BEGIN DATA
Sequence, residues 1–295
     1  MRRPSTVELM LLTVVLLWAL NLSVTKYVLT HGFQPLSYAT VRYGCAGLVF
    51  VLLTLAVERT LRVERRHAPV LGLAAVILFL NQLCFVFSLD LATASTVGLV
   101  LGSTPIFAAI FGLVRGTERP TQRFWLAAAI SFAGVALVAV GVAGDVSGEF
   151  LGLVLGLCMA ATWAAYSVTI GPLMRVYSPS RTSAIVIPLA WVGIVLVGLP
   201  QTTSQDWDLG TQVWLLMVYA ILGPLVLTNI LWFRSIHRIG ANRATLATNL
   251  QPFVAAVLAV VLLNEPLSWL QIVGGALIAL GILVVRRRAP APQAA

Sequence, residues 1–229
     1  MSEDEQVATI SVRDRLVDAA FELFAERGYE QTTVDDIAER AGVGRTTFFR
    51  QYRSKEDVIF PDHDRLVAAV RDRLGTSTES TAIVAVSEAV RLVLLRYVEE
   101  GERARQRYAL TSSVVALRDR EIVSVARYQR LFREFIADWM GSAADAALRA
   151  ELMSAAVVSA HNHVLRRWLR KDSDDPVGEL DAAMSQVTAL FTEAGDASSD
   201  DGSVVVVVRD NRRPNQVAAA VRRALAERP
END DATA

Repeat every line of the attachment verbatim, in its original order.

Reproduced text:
Sequence, residues 1–295
     1  MRRPSTVELM LLTVVLLWAL NLSVTKYVLT HGFQPLSYAT VRYGCAGLVF
    51  VLLTLAVERT LRVERRHAPV LGLAAVILFL NQLCFVFSLD LATASTVGLV
   101  LGSTPIFAAI FGLVRGTERP TQRFWLAAAI SFAGVALVAV GVAGDVSGEF
   151  LGLVLGLCMA ATWAAYSVTI GPLMRVYSPS RTSAIVIPLA WVGIVLVGLP
   201  QTTSQDWDLG TQVWLLMVYA ILGPLVLTNI LWFRSIHRIG ANRATLATNL
   251  QPFVAAVLAV VLLNEPLSWL QIVGGALIAL GILVVRRRAP APQAA

Sequence, residues 1–229
     1  MSEDEQVATI SVRDRLVDAA FELFAERGYE QTTVDDIAER AGVGRTTFFR
    51  QYRSKEDVIF PDHDRLVAAV RDRLGTSTES TAIVAVSEAV RLVLLRYVEE
   101  GERARQRYAL TSSVVALRDR EIVSVARYQR LFREFIADWM GSAADAALRA
   151  ELMSAAVVSA HNHVLRRWLR KDSDDPVGEL DAAMSQVTAL FTEAGDASSD
   201  DGSVVVVVRD NRRPNQVAAA VRRALAERP